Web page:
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Insulation recommendations for a brick & block addition?

Hello GBA,

My project for the next few weekends will be to insulate and frame a room built from brick and concrete block (formerly our garage so the floor is a slab). We've built a detached garage and the plan is to convert the old garage to living space. This is permitted work so beyond a personal desire to do it correctly, I also need our township to inspect and approve the work. (We have no GC, this is all weekend warrior work). Because of what we're saving on labor I can afford to splurge where it makes sense. However I don't think I want to consider spray foam so my request is for best practice based on readily available big box store materials.

We are in Zone 5 (Chicago suburbs).

Summary of the area and what I think is the correct approach. I've also included a photo of the room.
1) Floors: The floor is an old garage slab that will be raised to the height of rest of the house using sleepers.
My plan: 6mm plastic sheeting base (taped at seams), a continuous 2" layer of XPS (also taped at seems), 2x4 pressure treated lumber laid on its side (for better weight displacement so as to not compress the rigid foam), then 2x8 laid on edge, then subfloor.

2) Walls: Walls are all two layers: Brick exterior, concrete block interior.
My plan: First install a continuous veneer of 1-2" of rigid foamboard over all of the concrete block (taped at seams). My thought was this would be a thermal break, an air barrier, and added R value. Behind the foamboard I would then build conventional 16 on center 2x4 framing. Eventually this would be filled with rock wool batts. So in other words, the wall would consist from outside to inside: brick, concrete block, rigid foam, 2x4 framing with batt insulation, drywall. If this is a good plan then does the type and thickness of rigid the foam matter? I was thinking of using a faced EPS (one side metallic, the other plastic) that I believe is not air permeable.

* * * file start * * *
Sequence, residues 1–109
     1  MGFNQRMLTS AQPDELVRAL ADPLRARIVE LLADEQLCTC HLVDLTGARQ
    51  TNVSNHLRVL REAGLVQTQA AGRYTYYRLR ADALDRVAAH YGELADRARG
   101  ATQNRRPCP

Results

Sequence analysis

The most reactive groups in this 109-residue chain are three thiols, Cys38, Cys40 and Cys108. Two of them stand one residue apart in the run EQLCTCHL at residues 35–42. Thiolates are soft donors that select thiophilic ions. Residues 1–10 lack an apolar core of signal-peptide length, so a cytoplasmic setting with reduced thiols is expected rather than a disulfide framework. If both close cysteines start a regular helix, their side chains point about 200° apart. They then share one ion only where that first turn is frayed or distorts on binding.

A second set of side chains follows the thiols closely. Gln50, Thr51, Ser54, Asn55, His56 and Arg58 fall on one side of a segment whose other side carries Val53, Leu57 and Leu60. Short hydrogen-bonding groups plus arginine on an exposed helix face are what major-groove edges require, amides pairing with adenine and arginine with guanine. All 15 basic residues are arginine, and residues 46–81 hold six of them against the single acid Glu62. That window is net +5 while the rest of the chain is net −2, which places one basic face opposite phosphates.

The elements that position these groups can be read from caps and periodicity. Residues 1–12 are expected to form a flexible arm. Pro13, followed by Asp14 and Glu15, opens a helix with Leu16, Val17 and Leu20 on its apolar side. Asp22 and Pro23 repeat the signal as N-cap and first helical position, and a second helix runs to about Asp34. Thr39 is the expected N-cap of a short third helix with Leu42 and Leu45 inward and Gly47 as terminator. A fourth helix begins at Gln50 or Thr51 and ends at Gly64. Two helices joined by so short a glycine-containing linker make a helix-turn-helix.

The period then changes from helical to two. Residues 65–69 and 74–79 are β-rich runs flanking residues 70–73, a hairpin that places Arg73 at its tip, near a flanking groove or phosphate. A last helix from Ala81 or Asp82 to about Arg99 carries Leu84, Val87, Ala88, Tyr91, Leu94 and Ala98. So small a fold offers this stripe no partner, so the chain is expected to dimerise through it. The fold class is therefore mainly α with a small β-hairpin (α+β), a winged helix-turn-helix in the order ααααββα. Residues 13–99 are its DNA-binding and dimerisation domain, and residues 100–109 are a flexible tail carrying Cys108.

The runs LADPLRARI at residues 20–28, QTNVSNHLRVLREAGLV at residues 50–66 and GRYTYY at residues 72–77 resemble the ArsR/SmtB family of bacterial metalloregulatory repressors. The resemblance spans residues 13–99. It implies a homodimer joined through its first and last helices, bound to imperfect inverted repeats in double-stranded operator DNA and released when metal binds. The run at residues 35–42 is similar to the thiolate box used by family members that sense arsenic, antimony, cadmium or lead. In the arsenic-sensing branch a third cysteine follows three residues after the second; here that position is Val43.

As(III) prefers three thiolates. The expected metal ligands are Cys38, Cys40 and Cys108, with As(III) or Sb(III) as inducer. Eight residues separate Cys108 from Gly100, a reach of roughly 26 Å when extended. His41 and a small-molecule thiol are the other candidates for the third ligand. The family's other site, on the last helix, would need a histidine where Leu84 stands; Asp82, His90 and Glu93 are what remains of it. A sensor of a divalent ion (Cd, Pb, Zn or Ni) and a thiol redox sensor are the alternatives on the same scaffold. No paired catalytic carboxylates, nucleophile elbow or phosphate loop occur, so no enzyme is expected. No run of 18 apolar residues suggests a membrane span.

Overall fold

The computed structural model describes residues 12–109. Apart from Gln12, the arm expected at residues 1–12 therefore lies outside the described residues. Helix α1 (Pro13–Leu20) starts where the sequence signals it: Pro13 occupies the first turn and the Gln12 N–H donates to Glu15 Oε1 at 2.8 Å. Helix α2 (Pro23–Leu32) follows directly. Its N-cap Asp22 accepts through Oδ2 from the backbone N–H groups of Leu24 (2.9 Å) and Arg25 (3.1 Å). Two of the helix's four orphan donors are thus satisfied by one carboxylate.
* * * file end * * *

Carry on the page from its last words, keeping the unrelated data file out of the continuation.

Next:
3) Ceiling/Attic: traditional rafter construction. No trusses.
My plan: The roof has a low pitch so my thought is to install vent baffles while I can do so from the main floor via a ladder (better than crawling around in the attic). My plan is to cut to fit rigid foam boards for DIY baffles using an approach detailed in a 2011 FHB article. The vertical portion (adjacent to soffitt) would be tied into and air-sealed against the rigid foam installed on the wall. We'll eventually insulate the bottom of the attic to R40 or greater.

Lastly, we will be installing a multisplit so there will be not ductwork to consider.

Would anyone recommend a different approach to any of this?

Many thanks,

photo (4).JPG102.45 KB
Asked by Brian Gray
Posted Jul 18, 2014 2:44 PM ET


2 Answers

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I don't see any major red flags -- except for the fact that you are choosing low R-values. For the record, the 2009 IRC requires the following minimum R-values for homes in Climate Zone 5: Floors, R-30; Walls, R-20; and ceilings, R-38.

Answered by Martin Holladay
Posted Jul 18, 2014 3:54 PM ET


Thank you Martin. Pardon the pun but I'm floored at how high the R-value minimum is for the floor. I had no idea. Our village is not 2009 IRC but I suspect they'll approve the extra insulation provided nothing I do conflicts with 2006 IRC (which I will sort out on my own).

Out of curiosity, do you know whether there is a best practice for meeting R30 on a slab? My thoughts are either stack 6" of XPS or combine 2" of XPS with 5 1/2 of Roxul batts between the sleepers.

Thank you,

Answered by Brian Gray
Posted Jul 18, 2014 5:11 PM ET

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